Marcos Bretón

Davis may have just seized the crown for ‘most hopelessly liberal city’ in California

David “Doc” Walker, 56, asks for money near the corner of Howe Avenue and Fair Oaks Boulevard on July 26, 2001. Sacramento in November passed ordinances meant to curb aggressive panhandling. The city of Davis continues to consider its own.
David “Doc” Walker, 56, asks for money near the corner of Howe Avenue and Fair Oaks Boulevard on July 26, 2001. Sacramento in November passed ordinances meant to curb aggressive panhandling. The city of Davis continues to consider its own. Sacramento Bee Staff Photo

Members of the Davis City Council scored a big win for timid obfuscation this week by first considering common-sense measures targeting the vexing social issue of aggressive panhandling and then failing to act on them.

 
Opinion

“Everyone is very sensitive to not offend certain members of our community,” said Brett Lee, mayor pro tempore of Davis. “We’re bending over backwards. ... In the meantime, the situation has gotten worse.”

It was tragicomic to watch Tuesday night’s council meeting, an amazing show of misguided intentions obliterating reasoned debate and proportional action.

Davis has remained paralyzed on this issue for a year. Meanwhile, even liberal Berkeley has been able to withstand the heat from homeless advocates and hyper-moralists, adopting ordinances to prevent the obstruction of public streets for the safety of all two years ago. Sacramento passed ordinances meant to curb aggressive panhandling and harassing behavior in city parks in November.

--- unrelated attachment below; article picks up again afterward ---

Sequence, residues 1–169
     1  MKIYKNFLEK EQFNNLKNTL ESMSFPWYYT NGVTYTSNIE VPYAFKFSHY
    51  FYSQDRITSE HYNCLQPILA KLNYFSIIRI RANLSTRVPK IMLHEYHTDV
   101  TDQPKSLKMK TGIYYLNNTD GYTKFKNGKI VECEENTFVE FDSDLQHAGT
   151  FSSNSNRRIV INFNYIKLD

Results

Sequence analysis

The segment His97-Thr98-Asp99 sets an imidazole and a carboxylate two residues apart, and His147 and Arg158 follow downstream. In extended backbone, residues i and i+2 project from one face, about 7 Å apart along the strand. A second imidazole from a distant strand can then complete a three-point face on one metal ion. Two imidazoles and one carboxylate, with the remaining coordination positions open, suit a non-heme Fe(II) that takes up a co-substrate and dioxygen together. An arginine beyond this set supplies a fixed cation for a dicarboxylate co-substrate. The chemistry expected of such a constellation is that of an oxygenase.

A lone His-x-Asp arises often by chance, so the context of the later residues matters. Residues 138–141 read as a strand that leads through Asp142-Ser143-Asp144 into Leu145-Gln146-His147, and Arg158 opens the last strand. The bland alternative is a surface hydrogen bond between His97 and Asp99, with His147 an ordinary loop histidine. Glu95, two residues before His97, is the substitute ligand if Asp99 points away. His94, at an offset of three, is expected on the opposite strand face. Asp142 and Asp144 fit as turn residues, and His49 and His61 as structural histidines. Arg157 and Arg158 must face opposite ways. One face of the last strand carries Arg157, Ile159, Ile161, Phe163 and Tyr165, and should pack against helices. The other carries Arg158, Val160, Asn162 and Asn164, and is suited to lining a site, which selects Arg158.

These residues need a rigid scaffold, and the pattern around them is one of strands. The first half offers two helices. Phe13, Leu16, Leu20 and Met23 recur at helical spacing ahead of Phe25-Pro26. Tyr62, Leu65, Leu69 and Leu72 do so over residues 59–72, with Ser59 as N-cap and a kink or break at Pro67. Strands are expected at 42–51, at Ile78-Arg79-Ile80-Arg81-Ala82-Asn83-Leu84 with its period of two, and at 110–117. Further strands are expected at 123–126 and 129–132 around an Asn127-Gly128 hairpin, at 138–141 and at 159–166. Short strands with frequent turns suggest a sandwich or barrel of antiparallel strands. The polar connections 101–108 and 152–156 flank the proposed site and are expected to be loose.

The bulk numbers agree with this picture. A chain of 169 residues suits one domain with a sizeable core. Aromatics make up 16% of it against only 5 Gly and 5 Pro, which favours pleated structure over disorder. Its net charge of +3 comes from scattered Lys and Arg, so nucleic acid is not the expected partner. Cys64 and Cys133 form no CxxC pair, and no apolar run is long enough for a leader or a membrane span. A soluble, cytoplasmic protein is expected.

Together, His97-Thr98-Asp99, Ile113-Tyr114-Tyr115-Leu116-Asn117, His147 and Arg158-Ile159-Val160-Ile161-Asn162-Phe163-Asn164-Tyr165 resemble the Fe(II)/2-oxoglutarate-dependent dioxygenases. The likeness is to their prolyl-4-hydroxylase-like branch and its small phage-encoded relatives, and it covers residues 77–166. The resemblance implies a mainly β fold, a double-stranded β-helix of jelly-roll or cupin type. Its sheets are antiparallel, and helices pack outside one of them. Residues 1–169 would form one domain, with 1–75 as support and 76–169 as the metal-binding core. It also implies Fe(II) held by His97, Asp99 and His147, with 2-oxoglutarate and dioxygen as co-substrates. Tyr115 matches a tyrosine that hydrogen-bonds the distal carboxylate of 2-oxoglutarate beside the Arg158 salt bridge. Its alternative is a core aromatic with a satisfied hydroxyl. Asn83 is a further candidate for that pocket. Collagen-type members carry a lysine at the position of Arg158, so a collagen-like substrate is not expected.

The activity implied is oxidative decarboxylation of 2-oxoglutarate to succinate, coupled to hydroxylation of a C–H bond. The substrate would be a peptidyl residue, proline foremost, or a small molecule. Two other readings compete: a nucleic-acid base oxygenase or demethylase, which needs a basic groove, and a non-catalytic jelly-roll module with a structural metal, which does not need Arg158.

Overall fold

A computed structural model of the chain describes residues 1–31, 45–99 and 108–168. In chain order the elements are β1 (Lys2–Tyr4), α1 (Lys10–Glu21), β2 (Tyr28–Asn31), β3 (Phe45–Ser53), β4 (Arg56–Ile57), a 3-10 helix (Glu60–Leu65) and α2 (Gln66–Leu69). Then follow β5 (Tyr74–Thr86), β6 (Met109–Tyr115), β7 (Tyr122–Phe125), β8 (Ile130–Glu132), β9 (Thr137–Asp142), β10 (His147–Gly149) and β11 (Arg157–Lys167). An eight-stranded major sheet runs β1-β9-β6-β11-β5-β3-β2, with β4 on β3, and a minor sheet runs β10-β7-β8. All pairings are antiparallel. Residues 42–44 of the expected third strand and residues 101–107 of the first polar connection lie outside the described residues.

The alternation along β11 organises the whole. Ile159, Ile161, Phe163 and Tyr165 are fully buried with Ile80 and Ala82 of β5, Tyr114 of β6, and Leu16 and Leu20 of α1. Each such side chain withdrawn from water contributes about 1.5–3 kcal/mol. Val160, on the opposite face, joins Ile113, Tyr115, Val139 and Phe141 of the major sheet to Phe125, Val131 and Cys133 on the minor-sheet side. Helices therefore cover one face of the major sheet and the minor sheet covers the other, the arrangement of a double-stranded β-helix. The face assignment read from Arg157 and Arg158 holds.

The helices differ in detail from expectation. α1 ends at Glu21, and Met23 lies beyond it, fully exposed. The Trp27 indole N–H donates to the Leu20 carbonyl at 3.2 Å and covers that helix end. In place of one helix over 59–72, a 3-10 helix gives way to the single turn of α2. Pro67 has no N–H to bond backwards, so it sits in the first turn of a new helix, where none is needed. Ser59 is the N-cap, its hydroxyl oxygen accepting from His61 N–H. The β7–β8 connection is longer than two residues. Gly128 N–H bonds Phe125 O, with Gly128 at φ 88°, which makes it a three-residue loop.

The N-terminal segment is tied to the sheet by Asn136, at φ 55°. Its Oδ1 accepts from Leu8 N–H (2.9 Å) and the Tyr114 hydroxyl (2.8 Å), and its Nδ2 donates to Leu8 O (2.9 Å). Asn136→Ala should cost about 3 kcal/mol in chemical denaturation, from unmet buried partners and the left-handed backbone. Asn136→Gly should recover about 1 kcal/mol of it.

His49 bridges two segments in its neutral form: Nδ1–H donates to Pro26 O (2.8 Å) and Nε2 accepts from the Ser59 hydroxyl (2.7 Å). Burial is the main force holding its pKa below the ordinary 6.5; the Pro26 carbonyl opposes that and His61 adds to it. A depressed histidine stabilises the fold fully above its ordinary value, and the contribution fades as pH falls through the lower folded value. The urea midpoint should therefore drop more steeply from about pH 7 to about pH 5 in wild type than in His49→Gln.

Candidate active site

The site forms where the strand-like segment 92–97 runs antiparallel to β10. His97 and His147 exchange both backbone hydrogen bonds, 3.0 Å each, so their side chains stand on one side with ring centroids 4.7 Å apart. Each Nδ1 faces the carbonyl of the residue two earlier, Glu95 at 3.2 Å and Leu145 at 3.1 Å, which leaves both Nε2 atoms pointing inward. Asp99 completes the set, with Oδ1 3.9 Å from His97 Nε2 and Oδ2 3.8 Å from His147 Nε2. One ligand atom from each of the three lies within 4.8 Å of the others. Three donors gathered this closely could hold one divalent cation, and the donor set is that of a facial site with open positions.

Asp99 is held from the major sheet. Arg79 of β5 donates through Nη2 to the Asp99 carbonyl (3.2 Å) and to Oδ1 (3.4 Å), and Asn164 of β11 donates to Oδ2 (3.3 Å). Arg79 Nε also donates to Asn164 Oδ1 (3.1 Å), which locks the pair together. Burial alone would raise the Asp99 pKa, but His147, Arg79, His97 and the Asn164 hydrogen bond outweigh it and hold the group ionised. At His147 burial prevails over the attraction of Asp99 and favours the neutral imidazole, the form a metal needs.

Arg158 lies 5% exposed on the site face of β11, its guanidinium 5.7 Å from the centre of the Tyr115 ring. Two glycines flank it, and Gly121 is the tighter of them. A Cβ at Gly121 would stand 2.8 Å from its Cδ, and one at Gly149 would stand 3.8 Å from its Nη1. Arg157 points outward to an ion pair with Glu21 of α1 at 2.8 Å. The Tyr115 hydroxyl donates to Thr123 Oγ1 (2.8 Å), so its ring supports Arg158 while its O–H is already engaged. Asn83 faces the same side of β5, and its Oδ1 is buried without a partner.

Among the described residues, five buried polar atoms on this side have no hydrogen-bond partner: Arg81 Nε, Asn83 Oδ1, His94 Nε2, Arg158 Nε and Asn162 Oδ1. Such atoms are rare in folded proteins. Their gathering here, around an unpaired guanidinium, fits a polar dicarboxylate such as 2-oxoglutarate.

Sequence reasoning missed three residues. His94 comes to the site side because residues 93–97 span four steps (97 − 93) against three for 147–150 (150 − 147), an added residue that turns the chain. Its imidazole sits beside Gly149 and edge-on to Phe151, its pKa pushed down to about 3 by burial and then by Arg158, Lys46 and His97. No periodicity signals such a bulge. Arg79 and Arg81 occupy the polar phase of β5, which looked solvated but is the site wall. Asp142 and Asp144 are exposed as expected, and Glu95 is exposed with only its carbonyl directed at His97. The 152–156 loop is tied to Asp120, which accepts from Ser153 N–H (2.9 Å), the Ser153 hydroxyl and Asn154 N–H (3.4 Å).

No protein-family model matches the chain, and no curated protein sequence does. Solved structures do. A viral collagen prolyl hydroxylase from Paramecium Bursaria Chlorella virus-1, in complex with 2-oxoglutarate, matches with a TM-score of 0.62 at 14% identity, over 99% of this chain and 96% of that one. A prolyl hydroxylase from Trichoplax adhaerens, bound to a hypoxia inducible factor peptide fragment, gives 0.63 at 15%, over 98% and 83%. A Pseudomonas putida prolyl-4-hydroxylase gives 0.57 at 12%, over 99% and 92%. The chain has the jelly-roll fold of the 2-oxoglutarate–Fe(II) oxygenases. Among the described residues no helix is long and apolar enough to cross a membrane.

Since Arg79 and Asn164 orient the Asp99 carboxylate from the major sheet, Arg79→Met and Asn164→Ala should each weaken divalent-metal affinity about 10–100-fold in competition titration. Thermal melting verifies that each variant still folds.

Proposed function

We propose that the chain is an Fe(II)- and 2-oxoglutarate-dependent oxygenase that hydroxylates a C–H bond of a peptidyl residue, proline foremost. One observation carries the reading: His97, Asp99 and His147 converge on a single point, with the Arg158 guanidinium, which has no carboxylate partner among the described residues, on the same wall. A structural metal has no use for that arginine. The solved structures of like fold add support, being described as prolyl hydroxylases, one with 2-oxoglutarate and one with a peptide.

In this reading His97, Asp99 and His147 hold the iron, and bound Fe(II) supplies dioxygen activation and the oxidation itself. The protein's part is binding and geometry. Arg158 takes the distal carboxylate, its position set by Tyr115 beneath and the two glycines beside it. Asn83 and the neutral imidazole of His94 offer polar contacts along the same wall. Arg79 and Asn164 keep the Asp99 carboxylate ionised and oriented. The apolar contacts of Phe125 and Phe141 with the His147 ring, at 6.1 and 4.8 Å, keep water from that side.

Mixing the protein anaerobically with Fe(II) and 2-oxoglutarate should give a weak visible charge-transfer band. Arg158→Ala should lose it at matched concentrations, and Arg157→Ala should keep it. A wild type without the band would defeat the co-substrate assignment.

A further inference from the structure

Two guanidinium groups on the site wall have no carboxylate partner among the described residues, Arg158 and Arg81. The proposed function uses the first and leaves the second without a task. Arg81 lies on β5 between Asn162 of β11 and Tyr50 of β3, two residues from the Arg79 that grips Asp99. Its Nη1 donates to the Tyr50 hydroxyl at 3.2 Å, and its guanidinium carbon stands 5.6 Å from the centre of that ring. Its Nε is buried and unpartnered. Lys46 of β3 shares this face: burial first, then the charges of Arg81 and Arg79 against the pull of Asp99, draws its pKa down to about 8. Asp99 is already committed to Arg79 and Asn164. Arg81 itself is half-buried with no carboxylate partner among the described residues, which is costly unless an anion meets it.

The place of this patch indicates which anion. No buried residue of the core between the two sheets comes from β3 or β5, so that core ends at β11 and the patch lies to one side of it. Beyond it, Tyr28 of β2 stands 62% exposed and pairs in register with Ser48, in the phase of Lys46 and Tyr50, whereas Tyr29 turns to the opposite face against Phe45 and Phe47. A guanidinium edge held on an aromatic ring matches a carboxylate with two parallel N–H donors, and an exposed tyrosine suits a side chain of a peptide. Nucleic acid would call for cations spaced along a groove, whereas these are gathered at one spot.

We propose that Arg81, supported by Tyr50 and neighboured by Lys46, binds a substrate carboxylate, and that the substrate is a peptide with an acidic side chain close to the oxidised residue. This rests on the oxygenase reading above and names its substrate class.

The homeless population in Davis has grown in recent years, according to a census conducted last year. Between 2009 and 2017, the number of homeless people rose from 114 to 146, an increase of 28 percent. Local business leaders and residents say they have been alarmed by a spike in the aggressive behavior on downtown streets. There have been reports of people being accosted at ATM machines, and of streets and alleyways being blocked by homeless men and women and their possessions.

Last year at this time, council members began discussing ordinances meant to protect people using ATM machines from becoming targets for panhandlers. They considered rules designed to stop people from soliciting money in the middle of the street and from leaving trash in front of businesses. But the council hasn’t been able to make a decision – and they punted again this week.

To be fair, not all the Davis council punted. Lee wanted to act Tuesday night. Others seemed inclined to go along, albeit timidly. Mayor Robb Davis was adamantly opposed. The end result was inaction.

The ordinances considered in Davis are far from draconian. Police Chief Darren Pytel cautioned they won’t solve all problems related to aggressive panhandling. And they’ll do nothing in addressing the need for housing and services in Davis.

So why have them? To give police officers the ability to cite people for specific, aggressive behavior, Pytel said. His officers often encounter people on city streets who act inappropriately but are willing to follow the rules if they know them.